On September 19, 2010, the New York Times published an article titled “When Mortgage Mediation Is a Gamble” by Gretchen Morgenson. In it, she described some of the pitfalls of Nevada’s foreclosure mediation program. Most of the time we think of mediation as a low-risk endeavor: there isn’t much to lose in a process where you control your own destiny and carefully weigh for yourself whether or not to enter into an agreement.
Last time, I wrote about the effect on a party when the opposing party comes unprepared to a mediation.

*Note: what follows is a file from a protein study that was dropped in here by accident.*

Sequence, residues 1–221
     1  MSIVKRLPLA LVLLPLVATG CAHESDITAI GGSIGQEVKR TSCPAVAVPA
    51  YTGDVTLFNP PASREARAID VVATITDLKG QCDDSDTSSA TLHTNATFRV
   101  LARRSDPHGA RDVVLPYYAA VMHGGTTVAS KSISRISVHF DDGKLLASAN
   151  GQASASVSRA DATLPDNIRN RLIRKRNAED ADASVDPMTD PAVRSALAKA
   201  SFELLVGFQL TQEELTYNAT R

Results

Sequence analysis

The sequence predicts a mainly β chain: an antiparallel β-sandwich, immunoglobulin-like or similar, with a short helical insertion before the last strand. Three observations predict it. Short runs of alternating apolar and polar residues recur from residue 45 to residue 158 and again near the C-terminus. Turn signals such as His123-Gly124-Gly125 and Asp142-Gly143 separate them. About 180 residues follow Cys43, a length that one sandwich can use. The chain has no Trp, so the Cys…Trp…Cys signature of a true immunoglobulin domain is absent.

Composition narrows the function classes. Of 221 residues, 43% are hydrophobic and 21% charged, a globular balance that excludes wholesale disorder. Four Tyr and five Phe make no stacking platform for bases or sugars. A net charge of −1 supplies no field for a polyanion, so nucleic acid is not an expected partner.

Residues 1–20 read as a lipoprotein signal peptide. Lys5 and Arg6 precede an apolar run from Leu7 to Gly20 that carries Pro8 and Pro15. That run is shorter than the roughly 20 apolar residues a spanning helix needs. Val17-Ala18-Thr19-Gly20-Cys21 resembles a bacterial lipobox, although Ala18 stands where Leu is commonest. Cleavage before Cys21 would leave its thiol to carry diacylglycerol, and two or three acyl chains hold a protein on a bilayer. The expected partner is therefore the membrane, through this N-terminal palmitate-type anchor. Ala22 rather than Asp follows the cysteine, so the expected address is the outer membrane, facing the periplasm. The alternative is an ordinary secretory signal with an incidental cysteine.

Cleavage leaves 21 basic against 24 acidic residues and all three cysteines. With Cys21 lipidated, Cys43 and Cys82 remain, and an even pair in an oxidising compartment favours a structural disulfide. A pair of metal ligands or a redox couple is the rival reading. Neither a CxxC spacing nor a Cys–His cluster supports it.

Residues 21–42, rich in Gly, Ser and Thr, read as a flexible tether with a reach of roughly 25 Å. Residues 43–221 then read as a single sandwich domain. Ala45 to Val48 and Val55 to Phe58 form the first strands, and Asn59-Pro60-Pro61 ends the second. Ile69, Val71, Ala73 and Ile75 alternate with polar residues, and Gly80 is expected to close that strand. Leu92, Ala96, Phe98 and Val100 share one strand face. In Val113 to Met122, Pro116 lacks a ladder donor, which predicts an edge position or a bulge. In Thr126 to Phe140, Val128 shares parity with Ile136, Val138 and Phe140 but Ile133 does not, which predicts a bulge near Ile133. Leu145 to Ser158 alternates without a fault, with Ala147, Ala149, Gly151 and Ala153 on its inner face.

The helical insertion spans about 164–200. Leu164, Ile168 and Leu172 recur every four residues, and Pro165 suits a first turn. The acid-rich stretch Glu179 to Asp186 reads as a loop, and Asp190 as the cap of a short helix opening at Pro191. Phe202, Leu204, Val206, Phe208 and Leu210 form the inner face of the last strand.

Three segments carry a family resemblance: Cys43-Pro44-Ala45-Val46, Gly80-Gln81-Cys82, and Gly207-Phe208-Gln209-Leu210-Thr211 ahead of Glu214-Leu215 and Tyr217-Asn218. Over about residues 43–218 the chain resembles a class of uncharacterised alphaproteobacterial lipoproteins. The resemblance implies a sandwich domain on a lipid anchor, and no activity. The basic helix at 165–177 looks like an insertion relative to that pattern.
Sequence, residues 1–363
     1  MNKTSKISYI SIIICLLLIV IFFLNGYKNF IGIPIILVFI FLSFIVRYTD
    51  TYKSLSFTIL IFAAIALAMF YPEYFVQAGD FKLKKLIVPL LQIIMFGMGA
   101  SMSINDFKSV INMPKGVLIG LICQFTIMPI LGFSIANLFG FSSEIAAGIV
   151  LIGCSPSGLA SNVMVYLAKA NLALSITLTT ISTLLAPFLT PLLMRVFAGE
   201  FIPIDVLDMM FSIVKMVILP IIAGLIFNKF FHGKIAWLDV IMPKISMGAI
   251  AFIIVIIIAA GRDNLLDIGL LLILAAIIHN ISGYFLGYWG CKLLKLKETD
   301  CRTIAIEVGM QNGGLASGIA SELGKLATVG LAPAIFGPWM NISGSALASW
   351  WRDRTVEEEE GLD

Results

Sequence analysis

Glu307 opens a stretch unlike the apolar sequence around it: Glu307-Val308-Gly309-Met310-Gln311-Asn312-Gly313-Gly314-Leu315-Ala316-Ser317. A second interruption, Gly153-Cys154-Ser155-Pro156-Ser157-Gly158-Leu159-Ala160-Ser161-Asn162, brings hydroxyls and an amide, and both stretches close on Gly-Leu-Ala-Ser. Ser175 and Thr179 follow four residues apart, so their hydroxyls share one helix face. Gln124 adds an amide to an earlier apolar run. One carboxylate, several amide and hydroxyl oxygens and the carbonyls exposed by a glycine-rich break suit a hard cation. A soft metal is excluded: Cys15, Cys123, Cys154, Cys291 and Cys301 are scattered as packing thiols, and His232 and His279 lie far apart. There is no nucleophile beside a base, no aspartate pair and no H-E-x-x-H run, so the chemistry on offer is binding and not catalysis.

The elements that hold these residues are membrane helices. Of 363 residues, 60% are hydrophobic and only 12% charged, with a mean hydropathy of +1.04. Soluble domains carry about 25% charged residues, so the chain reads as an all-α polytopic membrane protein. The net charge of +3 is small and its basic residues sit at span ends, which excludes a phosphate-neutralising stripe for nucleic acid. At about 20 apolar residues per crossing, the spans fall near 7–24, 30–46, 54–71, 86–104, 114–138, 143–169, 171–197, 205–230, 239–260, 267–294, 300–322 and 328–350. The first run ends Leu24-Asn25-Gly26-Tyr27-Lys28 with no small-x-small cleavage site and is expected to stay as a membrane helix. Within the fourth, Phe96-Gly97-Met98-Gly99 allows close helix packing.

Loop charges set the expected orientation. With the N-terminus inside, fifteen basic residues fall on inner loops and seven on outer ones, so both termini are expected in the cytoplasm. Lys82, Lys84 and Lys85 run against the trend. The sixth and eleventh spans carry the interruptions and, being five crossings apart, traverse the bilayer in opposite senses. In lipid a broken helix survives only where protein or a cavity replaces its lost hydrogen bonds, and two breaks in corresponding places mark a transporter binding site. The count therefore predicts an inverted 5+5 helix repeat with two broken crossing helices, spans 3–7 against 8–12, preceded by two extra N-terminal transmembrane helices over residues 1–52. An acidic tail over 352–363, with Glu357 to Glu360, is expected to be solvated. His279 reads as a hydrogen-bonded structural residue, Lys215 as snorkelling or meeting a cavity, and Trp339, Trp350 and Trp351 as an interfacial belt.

The second problem with the program affects the mediators as well as the parties. Three mediators described what happened to them when they suggested to program administrators that the lenders who came unprepared be subject to some sanctions under the program’s own rules. In each case, the mediator received no more assignments from the program. In any program — mediation or otherwise — punishing those who are trying to ensure that one side follows the rules has a chilling effect. Mediators won’t alert the program administrators that lenders aren’t playing by the rules and lenders will have even less reason to participate in good faith.